Bitcoin mining continues to rely predominantly on electricity generated from fossil fuels despite the heightened attention to the climate toll of crypto mining.
Kazakhstan, where fossil fuels make up nearly all the energy mix, has seen its global share of Bitcoin mining surge in recent months, just ahead of a Chinese crackdown on the mining of the world’s most popular cryptocurrency.
The Chinese authorities’ crackdown on crypto mining saw more than 90 percent of China’s Bitcoin mining capacity shut down as of last month.
The Chinese ban didn’t mean that crypto mining has ever stopped. Miners just had to find new markets to do it. One of those places is Kazakhstan, a Central Asian country rich in oil, gas, and coal resources, New Scientist’s technology reporter Matthew Sparkes notes.
Kazakhstan noted the rise in crypto mining activity—with power generated from fossil fuels, mostly coal—and decided at the end of June to levy a surcharge of electricity for crypto miners. The additional fee is expected to come into force at the beginning of 2022, blockchain and Bitcoin magazine ForkLog reported.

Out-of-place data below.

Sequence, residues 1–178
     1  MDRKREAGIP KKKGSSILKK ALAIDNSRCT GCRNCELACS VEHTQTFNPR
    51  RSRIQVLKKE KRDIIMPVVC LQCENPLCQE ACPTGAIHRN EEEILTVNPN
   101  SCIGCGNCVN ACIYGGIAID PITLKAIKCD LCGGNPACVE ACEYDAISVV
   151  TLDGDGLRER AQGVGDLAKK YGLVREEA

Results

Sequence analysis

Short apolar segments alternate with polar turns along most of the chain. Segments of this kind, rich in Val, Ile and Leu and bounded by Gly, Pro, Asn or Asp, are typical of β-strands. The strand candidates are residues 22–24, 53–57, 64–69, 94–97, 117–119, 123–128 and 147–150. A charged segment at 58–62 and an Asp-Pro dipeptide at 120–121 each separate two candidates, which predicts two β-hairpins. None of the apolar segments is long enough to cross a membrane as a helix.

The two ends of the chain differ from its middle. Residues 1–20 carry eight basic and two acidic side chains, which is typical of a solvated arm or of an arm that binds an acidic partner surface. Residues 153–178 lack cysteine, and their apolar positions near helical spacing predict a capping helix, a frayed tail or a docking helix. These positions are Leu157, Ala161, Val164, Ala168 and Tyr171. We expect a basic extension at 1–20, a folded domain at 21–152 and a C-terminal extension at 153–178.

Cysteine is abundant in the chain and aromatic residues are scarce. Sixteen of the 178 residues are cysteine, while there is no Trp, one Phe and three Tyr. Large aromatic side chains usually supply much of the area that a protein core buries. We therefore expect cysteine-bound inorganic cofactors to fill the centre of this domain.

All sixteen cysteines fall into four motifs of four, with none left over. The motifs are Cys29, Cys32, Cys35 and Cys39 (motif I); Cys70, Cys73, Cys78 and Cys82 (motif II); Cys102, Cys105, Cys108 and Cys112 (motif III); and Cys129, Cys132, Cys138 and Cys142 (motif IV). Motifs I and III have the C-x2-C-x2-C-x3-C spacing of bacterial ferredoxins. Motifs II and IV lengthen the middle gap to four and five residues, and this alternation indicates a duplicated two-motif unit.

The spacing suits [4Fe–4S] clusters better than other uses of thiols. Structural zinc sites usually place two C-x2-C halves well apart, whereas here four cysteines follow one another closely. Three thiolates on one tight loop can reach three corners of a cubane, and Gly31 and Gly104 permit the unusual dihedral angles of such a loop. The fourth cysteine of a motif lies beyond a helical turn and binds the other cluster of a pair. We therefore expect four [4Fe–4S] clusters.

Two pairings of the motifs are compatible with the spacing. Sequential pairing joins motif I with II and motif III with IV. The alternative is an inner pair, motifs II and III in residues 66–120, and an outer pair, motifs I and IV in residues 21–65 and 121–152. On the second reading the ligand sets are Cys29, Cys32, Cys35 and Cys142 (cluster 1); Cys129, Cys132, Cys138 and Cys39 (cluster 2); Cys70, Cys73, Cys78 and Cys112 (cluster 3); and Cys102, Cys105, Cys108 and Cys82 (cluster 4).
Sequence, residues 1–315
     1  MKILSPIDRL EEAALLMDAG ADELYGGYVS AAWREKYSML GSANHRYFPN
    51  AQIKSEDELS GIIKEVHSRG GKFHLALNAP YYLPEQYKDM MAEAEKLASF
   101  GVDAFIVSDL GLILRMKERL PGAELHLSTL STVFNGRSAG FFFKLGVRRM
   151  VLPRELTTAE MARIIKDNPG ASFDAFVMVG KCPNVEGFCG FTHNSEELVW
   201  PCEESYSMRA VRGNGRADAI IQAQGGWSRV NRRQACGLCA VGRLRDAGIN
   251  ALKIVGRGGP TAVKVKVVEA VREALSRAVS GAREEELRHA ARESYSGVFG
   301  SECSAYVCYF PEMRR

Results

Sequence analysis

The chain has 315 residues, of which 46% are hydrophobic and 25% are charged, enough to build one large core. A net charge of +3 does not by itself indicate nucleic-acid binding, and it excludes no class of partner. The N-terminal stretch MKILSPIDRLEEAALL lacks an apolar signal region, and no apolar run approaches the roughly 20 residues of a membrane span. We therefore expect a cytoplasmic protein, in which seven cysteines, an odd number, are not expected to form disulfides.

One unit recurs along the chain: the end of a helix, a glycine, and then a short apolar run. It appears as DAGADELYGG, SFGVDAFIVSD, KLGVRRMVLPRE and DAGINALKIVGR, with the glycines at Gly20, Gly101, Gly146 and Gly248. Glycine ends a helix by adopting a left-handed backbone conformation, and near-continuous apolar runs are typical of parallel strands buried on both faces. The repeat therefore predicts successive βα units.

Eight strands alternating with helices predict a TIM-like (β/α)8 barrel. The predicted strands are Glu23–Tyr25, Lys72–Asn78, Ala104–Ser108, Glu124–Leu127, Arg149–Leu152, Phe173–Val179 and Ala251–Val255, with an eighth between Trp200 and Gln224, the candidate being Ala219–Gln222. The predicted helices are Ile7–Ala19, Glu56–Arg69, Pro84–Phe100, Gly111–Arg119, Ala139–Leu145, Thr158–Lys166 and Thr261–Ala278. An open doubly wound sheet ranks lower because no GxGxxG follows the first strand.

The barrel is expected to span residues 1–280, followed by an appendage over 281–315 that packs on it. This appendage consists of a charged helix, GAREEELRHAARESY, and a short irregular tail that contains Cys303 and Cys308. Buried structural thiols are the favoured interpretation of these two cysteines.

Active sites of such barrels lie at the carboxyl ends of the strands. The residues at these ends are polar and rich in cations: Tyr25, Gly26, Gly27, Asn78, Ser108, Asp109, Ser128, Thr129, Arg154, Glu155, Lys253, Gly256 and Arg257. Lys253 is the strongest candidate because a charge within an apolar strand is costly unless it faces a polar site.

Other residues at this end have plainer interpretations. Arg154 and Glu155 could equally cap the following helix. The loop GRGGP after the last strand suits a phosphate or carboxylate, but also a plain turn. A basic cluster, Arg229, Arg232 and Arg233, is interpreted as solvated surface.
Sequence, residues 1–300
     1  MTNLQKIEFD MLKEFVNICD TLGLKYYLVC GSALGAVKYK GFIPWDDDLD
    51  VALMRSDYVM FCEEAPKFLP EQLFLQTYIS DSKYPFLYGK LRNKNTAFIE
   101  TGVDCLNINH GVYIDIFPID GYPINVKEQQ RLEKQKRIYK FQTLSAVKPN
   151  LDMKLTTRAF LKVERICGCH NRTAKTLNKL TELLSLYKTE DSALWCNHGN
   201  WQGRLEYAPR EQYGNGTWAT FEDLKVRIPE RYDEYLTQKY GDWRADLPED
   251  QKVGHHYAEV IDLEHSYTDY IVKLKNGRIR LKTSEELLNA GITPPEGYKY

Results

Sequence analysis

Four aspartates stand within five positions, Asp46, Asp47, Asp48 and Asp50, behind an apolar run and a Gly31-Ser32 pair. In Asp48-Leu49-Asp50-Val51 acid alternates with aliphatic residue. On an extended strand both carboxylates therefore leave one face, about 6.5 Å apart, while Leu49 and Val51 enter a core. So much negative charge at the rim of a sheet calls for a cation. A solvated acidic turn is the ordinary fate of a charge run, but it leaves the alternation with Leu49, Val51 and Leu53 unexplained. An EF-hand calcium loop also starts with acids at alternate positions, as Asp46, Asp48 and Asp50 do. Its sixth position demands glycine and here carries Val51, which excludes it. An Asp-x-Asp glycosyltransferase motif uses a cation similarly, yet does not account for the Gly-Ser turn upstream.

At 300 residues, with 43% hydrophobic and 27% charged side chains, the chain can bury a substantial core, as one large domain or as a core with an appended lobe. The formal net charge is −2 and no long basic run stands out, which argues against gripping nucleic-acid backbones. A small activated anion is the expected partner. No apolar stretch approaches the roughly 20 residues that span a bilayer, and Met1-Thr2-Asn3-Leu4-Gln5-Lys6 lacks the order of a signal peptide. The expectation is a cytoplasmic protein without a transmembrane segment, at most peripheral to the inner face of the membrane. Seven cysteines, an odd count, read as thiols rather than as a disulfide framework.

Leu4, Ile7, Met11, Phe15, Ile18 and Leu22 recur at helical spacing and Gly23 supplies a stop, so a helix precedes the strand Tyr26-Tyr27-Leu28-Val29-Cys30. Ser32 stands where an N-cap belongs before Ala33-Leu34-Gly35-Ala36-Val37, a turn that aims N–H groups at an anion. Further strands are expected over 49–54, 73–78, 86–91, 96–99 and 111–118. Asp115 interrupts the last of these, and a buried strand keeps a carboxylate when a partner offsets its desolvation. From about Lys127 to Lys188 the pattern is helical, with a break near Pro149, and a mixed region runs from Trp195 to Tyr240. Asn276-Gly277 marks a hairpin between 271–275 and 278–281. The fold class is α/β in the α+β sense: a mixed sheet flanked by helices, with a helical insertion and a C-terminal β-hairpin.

Cryptocurrency mining has recently attracted a lot of attention because of the large amount of energy it sucks. Elon Musk, who had said earlier this year that people could buy Teslas with Bitcoin, backtracked on this promise a few weeks later, saying that crypto mining is still largely powered by fossil fuel-derived energy. Most recently, Musk said last month that Tesla may start accepting cryptocurrency again if crypto mining becomes green.
Kazakhstan, where renewables accounted for just 1.4 percent of the energy mix in 2018, per International Energy Agency’s (IEA) data, saw its global Bitcoin mining share jump almost six-fold from 1.4 percent in September 2019 to 8.2 percent in April 2021, catapulting it to third place in global mining power share, new research from the Cambridge Centre for Alternative Finance (CCAF) showed on Thursday. The report found that China’s share was declining sharply even before the government crackdown in June. China’s share of total Bitcoin mining power fell from 75.5 percent in September 2019 to 46 percent in April 2021, CCAF said.